NEI asks incoming Trump administration to promote nuclear power

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Despite the Obama administration’s commitment to curb carbon dioxide (CO2) emissions from the power sector, there have been many nuclear plant retirement announcements in recent years.

Now the Nuclear Energy Institute (NEI), is asking the incoming Donald Trump administration to take steps to both improve the economic prospects of the existing domestic fleet and improve the chances for new nuclear reactors.

The energy sector has always been heavily shaped by government policy, NEI said in its policy memorandum to the Trump administration.

Several key policies are needed in the immediate future and in the longer term to ensure the benefits of nuclear power for the long-term, NEI said.

Government at all levels should rewrite policy to have federal agencies buy nuclear power when they buy other forms of zero carbon energy.

The previous administration’s Executive Order 13693, a clean air strategy which requires the federal government to buy more renewable energy, should be rewritten by the White House to allow nuclear energy to participate, NEI said.

NEI also states should be encouraged to have renewable portfolio standards (RPS) become clean power standards.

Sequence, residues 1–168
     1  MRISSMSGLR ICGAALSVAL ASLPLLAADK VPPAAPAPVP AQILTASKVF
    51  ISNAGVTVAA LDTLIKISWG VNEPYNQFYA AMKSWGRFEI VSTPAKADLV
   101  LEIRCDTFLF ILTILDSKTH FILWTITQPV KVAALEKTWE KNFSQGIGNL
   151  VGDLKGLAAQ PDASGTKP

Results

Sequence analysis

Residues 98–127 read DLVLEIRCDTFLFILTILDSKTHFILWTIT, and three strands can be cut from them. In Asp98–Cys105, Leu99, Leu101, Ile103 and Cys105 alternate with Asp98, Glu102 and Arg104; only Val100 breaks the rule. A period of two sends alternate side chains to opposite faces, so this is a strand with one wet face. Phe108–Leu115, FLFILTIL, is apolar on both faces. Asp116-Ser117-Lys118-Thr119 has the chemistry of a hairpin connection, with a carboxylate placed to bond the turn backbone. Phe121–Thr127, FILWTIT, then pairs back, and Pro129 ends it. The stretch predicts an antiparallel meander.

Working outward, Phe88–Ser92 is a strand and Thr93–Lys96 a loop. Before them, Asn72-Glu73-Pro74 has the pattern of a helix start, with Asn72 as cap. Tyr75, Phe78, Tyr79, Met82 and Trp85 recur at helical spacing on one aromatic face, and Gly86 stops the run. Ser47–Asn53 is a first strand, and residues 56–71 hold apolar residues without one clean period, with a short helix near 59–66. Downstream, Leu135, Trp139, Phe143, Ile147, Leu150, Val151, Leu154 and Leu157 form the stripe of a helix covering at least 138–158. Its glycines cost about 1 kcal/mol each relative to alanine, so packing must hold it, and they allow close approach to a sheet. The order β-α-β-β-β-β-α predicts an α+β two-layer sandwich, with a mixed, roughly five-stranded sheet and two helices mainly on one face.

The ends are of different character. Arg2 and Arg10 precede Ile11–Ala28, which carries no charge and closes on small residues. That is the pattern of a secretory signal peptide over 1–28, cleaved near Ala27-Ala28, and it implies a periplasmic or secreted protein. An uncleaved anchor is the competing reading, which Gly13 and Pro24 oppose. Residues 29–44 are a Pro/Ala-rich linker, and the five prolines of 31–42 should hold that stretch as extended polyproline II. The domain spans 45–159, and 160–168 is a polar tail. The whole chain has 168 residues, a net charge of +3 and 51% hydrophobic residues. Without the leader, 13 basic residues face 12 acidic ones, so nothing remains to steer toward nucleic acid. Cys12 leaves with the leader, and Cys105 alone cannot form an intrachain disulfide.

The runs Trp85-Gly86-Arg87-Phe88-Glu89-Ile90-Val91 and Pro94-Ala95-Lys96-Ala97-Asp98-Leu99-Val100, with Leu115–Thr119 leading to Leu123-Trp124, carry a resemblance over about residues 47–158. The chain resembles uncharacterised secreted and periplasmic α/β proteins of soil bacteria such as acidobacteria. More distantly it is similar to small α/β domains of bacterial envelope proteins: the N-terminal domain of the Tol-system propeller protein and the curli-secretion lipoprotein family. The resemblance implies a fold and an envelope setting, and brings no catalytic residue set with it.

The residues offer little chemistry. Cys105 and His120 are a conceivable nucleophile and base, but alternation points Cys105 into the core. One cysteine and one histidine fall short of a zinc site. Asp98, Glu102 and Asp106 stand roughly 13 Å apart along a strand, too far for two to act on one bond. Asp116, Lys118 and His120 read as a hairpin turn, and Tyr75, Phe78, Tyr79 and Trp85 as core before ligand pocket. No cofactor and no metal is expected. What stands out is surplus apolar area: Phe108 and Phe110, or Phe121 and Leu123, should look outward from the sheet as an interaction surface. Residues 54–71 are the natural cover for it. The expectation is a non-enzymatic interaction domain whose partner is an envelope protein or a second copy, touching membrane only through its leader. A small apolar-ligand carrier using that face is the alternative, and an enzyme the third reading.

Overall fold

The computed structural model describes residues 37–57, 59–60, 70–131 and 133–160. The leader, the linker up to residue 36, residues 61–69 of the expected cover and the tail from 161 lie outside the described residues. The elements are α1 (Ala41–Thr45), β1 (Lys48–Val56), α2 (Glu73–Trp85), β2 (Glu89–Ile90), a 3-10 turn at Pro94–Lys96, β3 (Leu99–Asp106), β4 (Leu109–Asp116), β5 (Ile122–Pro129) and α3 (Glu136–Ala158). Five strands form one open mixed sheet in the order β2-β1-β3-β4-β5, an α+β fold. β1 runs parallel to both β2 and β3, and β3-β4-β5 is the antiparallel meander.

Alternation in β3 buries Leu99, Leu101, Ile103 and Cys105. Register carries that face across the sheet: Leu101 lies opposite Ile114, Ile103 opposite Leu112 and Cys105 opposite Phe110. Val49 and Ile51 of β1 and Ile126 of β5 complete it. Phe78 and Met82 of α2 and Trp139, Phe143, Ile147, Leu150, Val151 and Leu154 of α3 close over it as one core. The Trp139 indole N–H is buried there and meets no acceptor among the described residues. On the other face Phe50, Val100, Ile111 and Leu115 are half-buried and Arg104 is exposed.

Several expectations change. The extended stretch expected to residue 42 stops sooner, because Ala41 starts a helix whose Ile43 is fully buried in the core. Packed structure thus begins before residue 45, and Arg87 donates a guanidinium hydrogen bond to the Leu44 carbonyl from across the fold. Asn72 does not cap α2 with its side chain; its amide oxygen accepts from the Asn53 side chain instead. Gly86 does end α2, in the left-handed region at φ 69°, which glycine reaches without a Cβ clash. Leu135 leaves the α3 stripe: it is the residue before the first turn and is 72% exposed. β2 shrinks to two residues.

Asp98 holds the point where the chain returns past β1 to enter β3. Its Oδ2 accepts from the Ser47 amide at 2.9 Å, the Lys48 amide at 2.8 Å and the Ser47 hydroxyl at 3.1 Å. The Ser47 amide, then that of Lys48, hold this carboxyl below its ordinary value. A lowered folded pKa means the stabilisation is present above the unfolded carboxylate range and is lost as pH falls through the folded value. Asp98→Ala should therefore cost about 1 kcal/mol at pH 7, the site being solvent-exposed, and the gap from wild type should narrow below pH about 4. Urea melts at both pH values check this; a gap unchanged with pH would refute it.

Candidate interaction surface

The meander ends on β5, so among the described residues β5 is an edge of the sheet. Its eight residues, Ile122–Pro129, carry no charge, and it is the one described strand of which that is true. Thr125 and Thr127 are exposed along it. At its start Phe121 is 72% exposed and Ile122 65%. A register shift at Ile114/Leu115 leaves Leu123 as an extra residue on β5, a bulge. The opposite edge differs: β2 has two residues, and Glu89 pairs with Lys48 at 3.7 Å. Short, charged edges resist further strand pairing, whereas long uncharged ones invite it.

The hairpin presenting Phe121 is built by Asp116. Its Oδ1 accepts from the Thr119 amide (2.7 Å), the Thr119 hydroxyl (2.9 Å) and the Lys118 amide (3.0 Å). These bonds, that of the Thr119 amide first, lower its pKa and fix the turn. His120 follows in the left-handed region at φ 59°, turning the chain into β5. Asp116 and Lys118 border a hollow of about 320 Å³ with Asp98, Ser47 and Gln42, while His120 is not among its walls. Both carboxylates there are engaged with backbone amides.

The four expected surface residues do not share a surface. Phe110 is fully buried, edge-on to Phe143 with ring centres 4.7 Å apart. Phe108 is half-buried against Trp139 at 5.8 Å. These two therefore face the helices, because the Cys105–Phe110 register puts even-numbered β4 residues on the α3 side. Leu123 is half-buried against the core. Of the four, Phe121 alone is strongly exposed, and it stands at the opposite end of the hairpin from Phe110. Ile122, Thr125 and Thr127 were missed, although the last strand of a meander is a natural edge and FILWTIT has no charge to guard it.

NEI said the Federal Energy Regulatory Commission (FERC): Existing reactors must be recognized for all the benefits they bring to the electric system, through the following changes:

·      FERC should clarify that its requirement for “just and reasonable” rates that are not “unduly discriminatory or preferential” implies compensation for all of these benefits: high reliability and availability, increased grid resiliency due to operability under all weather conditions and no need for continuous fuel supply, and virtually zero emissions.

·      FERC should work with the Independent System Operators and Regional Transmission Organizations to ensure that the competitive markets fully value all the attributes of existing nuclear plants, and the services they provide to the grid.

·      FERC should address flaws in the structure of the markets it governs. Among these, the system makes “uplift” payments to generators that are not economic but are needed to assure reliability, but the cost of those payments does not enter into the price paid to other producers, including reactors.

·      The agency should make clear that generation sources that by their nature tend to stabilize electricity prices and limit the risks from fuel price volatility should be compensated for protecting consumers by improving the diversity of the system.

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